Miss Hannigan

Last weekend, Bartlesville’s Children’s Musical Theatre put on an excellent performance of Annie. Already familiar with the movie, I knew the plot and ending. This time when watching through an older lens, I was particularly struck by Miss Hannigan.


Full disclosure, Miss Hannigan was portrayed by one of our community’s kindest, brightest, most warm-hearted teens, who also happens to babysit my children. So maybe I was seeking some light in this beloved story’s well-known antagonist because I saw actress Kassidy Girard shining from within her. But I began to wonder, how did Miss Hannigan become such a villain?


Let’s be clear, we don’t condone Miss Hannigan’s behavior, as she certainly crossed many lines well into child maltreatment. But from her underdeveloped moral compass and questionable upbringing (“Easy Street”) to her isolation and overwhelmed mental state (“Little Girls”), she was clearly a woman on the brink. Throw in some substance abuse, and the stage was set for disaster.


It may sound foolish, but I kept watching and thinking, “Wow. That IS a lot of kids to manage. She needs a parent day out or has got to find a support system.” As art often imitates life, what does that mean for people within our community? How can we, as a community, recognize parents at risk and step in to help or take appropriate action to protect the children?


A great step is understanding some factors that may add stress to a parent and increase the risk of child maltreatment, including the following from the American Psychological Association:


Parent or caregiver risk factors

  • Low self-esteem, poor impulse control, depression, anxiety or antisocial behavior.
  • Experiencing or witnessing violence as a child, which teaches violent behavior or justifies it as proper behavior.
  • Substance abuse, which interferes with mental functioning, judgment, self-control, ability to be protective of one’s child and making the child’s needs a priority.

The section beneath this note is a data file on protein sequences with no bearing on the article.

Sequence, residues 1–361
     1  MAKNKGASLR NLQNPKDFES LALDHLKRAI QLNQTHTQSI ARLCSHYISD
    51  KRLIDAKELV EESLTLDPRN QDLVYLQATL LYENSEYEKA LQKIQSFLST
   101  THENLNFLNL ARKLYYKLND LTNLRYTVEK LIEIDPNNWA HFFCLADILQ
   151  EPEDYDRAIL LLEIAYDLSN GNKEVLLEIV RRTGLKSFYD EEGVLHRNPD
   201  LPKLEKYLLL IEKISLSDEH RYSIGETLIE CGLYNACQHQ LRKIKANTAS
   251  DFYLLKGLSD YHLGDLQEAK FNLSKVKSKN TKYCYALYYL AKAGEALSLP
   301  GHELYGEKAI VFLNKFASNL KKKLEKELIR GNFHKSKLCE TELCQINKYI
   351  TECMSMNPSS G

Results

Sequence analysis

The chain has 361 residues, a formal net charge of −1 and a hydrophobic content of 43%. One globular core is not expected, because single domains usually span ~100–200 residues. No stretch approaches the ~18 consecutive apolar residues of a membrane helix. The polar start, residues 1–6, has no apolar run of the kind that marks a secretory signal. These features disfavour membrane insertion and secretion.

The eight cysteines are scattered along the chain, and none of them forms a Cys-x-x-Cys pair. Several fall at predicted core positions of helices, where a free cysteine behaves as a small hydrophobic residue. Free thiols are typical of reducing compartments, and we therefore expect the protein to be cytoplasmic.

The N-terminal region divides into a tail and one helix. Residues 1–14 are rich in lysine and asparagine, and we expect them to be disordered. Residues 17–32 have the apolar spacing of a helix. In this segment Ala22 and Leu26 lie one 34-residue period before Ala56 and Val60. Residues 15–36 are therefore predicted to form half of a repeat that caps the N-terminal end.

• Lack of knowledge about normal child development and unrealistic expectations, frustration and/or inappropriate methods of discipline.


Family risk factors

  • Children living with single parents are more likely to live in poverty with fewer social supports, which may contribute to stress and increase risks of maltreatment.
  • Children in violent homes may witness intimate partner violence, may be victims of physical abuse themselves and may be neglected by parents or caregivers who are focused on their partners or unresponsive to their children due to their own fears.
  • Stressful life events, parenting stress and emotional distress (e.g., losing a job, physical illness, marital problems or the death of a family member) may worsen hostility, anxiety or depression among family members and increase the level of family conflict and maltreatment.
  • Maltreating parents or caregivers are less supportive, affectionate, playful and responsive with their children and are more likely to use harsh discipline and verbal aggression than positive parenting strategies (e.g., using time outs, reasoning, and recognizing and encouraging the child’s successes).


Child risk factors

  • Infants and young children, because they are small and need constant care, are more likely to experience certain forms of maltreatment such as being shaken by parents or caregivers frustrated or overwhelmed by persistent crying.
  • Children with physical, cognitive and emotional disabilities or chronic illnesses may be at greater risk of maltreatment. Parents or caregivers of children with disabilities are more likely to experience high levels of stress, depression and anger. Children with disabilities may not understand that abusive behaviors are inappropriate and are unable to defend themselves.
  • Aggression, attention deficits, difficult temperaments and behavior problems in children have been associated with increased risk for maltreatment, especially when parents have poor coping skills, are unable to empathize with the child or have difficulty controlling emotions. Maltreatment often exacerbates the problem. A physically abused child may develop aggressive behaviors that lead to recurring maltreatment and perpetuate the cycle.


Environmental risk factors

Please note, the vast majority of parents or caregivers who live in these types of environments are not abusive. However, these stresses can increase the risk of abuse for some.

  • Poverty and unemployment can increase the likelihood of maltreatment, especially in combination with family stress, depression, substance abuse and social isolation.
  • Parents with less material and emotional support and who do not have positive parenting role models feel less pressure to conform to conventional standards of parenting behaviors.
  • Children living in dangerous neighborhoods are at higher risk than children from safer neighborhoods for severe neglect, physical abuse and sexual abuse. It is possible that violence may seem an acceptable response or behavior to individuals who witness it more frequently.


If you know any families living with increased risk factors, you may consider reaching out to offer support such as babysitting, occasional child transportation or simply inviting the family over for a casual meal. A healthy support system can make all the difference for any parent or child – we all rest easy knowing we have people who care and want to help when we are backed in a corner or have an emergency arise. As we have said before, raising children takes a village of caring, loving adults (i.e. NOT Rooster or Lily St. Regis).